Progression Server Riches
How I Got Rich On The EQ Progression Server Without IGE
We have been invaded. Despite the efforts of honest players and developers alike, no fragile ozone can contain a virtual world’s economy against real world buyers and sellers. Trying to retake those virtual universes that have been permeated by corporate pests is near impossible. Trying to protect worlds of the future is proving more fruitless and futile than we could ever expect. Systems are easier to break than they are to build – we’re always a step behind.
Yet in the twilight hours of any given game, before the sellers discover and catalog this new market and the buyers make lazy arrivals in the best gear known to mankind, we have a brief period in which honest players can relive the gaming days of old. Such a brief, eclipsing opportunity presented itself to me and my colleagues in the form of the EverQuest progression server, and we embarked on a task that few gamers get to experience these days. We got rich without the help of IGE.
The world on our arrival was packed. Herds of lowbies poured out of Freeport. East Commonlands and Misty Thicket were populated by hundreds of low levels hacking away at goblins and bears, while Kithicor housed one lone level 2 Halfling, hoofing it to meet his friend in Freeport.
Instead of joining the rush to kill each monster four seconds after it spawned, we stepped back and took advantage of our situation. Here an entire world of consumers had been born, and they were just now attaining the assets to purchase what they wanted.
What did people want? Armor. Everyone wanted armor. It could be cloth, patchwork, tattered – nothing mattered but filling up every lonely, empty spot. We began to pick through NPC corpses left behind in the rush for more EXP. We ran circuits to check all the NPC merchants near hunting spots. We bought anything craft related, and I, the tailor, began to make armor.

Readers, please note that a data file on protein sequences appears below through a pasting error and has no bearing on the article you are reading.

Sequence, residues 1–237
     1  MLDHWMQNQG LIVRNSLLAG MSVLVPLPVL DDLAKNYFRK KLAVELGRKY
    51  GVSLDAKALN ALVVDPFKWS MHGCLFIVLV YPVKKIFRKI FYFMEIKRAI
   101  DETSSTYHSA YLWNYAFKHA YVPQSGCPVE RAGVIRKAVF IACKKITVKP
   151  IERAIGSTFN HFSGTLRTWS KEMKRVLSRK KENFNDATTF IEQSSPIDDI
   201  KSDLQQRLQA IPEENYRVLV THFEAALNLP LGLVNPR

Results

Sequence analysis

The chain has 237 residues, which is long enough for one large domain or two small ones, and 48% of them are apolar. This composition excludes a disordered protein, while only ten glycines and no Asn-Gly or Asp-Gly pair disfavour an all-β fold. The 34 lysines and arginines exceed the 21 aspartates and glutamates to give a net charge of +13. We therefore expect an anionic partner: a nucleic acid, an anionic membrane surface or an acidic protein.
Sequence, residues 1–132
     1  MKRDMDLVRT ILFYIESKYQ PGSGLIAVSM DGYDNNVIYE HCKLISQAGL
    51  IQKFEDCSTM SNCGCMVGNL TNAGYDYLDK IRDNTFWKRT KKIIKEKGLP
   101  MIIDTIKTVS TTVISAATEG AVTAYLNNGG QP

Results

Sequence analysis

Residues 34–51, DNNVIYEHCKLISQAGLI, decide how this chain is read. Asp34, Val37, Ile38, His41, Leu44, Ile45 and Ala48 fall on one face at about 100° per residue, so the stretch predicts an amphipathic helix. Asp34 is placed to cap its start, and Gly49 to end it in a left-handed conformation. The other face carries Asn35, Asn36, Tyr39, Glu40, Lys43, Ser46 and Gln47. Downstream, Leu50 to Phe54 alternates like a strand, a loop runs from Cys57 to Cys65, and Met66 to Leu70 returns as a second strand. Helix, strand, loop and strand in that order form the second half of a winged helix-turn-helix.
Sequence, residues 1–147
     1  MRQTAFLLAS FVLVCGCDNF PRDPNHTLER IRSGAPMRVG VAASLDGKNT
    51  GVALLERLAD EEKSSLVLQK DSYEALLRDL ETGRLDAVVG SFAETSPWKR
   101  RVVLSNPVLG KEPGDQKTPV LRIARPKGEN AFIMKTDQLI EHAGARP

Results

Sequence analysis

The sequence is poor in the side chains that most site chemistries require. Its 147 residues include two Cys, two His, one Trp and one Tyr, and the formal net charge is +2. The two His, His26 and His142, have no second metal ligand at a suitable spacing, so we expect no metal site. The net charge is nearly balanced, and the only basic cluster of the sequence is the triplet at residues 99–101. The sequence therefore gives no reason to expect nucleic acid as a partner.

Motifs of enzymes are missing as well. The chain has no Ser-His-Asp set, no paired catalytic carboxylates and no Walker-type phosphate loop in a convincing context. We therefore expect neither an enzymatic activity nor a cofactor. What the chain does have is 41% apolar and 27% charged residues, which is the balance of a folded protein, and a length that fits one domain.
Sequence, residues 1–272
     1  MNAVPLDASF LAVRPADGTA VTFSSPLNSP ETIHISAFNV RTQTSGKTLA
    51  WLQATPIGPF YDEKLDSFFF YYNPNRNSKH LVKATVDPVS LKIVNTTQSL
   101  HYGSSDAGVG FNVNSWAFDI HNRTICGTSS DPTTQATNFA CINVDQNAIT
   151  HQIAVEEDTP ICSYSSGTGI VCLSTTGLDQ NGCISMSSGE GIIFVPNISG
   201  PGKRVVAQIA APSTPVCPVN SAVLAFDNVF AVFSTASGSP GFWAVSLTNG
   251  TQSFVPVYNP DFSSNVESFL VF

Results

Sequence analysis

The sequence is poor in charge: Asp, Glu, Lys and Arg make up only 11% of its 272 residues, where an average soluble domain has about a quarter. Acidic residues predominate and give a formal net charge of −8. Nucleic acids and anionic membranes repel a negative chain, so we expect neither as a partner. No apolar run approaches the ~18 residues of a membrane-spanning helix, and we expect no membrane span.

A few other enterprising souls had begun the same venture, and I needed a leg up over them. With professional, quick service and rewards for quick service I was able to build a loyal player base. By delivering to a limited number of hunting spots, I was able to attract customers who otherwise would not be willing to leave “the grind.”
At 3.7 platinum per 13 piece set, my income was slow. But over the course of four days I was able to farm up a good two hundred platinum or so, and have a good, full customer base to harvest in the future. All transactions were recorded in Excel, along with class and race information about my customers. Notes were kept on troublemakers, and on fast, easy customers.
The next leap in profit was up to my companion, Draven. Two hundred platinum disappeared quickly as we reinvested in his Smithing skill. Our next goal was Banded armor, with a skill trivial level of 90 to 115. We were a bit behind the leading crafters – a few had already begun to sell Banded at 90 platinum a set – and we needed to find something to offset that lost time and pummel the competition.
That advantage came in the form of carpel tunnel for the smith, and a lot of merchant milking for the both of us. Instead of buying sheet metal straight from the vendors at one platinum a piece, we began to explore all the newbie areas, buying up all rusty weapons from the NPCs vendors. These weapons, bought for between three silver and one gold (dependant on the piece), could be broken down into pieces of ore and resmelted into the sheet metal. The sheet metal cost us, on average, two gold per. This saved us 8 gold to 2.4 platinum per Banded combine, and allowed us to sell at the lower price of 70 platinum without losing profit.
Due to availability of molds, large and small races near our hometown of Freeport were in dire need of large and small banded, and no one was really providing. At first, we worked out a few deals with Halflings and Trolls to fetch us molds from their respective home cities. But this was a temporary fix, replaced soon by a new solution: the shared bank. By putting some platinum and a couple of bags in the shared bank, we could make a new Halfling or Barbarian character, buy some molds, and freight them back to our main characters.
Now, instead of providing the masses with low end gear, we were targeting the middle and upper class. Now we were pulling in 70 platinum per full set, with a 30 platinum or so profit on each full set sold. Customers from my previous tailoring list were contacted and informed of the new wares available.
Draven also began work on a human-only combine: the Seafarer’s Cutlass. This sword, with a 23 attack delay and 7 attack power, was one of the best non-magic weapons available on the server. We were able to sell these for respectable prices on auction chat, and outfit all the melees in our small, still forming guild.
When we hit our first 500 platinum mark, curiosity overcame me and I scoured IGE and similar sites for prices on my server’s platinum. I was pleasantly surprised at the scarcity of sellers, but I did find one site that valued 100 platinum at 90$. The fact that we had so easily gathered 450$ worth of online currency was testament to me and my group: we were ahead of the curve.